As four philosophers rode a train through the countryside, they passed by three grey sheep on a hillside. “Aha,” the first philosopher exclaimed, “all of the sheep in this region must be grey!

The second opined, “well, we can be certain that this is true of some portion of the sheep in the region.”

The third chimed in, “we can be sure only that three of the sheep in this region are grey.”

And the fourth insisted, “the most we can be sure of is that three of the sheep in this region are grey on one side.”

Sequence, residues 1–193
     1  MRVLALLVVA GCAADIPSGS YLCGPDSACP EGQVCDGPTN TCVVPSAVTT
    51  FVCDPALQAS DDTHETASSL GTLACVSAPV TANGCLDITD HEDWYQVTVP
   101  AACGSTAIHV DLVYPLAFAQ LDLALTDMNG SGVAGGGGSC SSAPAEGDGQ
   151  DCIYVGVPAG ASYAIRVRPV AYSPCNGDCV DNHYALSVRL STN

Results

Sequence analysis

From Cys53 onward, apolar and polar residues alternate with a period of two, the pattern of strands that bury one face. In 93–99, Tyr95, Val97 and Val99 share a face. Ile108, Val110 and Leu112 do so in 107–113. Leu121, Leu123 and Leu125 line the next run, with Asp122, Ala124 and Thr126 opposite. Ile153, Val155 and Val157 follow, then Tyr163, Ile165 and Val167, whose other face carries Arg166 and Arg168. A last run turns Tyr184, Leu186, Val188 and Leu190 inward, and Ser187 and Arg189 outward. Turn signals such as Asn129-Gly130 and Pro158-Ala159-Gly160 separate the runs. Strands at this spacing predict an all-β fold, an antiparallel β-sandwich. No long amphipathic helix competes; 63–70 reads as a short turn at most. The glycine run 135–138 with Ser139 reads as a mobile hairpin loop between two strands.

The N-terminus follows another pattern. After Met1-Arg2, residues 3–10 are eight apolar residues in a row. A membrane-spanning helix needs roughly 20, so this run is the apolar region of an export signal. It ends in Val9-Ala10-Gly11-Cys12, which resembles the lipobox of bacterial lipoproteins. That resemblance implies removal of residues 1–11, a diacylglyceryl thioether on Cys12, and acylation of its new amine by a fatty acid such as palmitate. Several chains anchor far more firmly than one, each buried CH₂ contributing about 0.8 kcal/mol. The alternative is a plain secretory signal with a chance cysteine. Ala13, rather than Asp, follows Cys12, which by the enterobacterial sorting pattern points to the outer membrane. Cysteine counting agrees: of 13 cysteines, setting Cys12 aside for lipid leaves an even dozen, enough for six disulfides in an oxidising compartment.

There is a lesson to be gleaned from this tale which may be applied to theological discourse. To find the probability that comes closest to reality, we must avoid being the first and the fourth among this group. To generalise from the characteristics necessary to a Creator of our Universe to presumptions of “infinite” and “eternal” and “perfect in every way” is no more justifiable than to make the broad generalisation of the first philosopher, and indeed swiftly breaches the point of inferring that the existence of some grey sheep evidences a world that has always been full of only grey sheep-—and to carry forward that view even in the face, perhaps, of later evidence that some sheep are white as the snow. Conversely, to refuse to speculate as to the characteristics of the Creator beyond the Creation itself is to wear the unnecessary blinders of the fourth philosopher. After all, a sufficiently suspicious philosopher might extend that speculative uncertainty to the question of whether the sheep were truly grey even on the side that was seen. Perhaps, he may argue, they were simply painted on that side to trick passers-by!!


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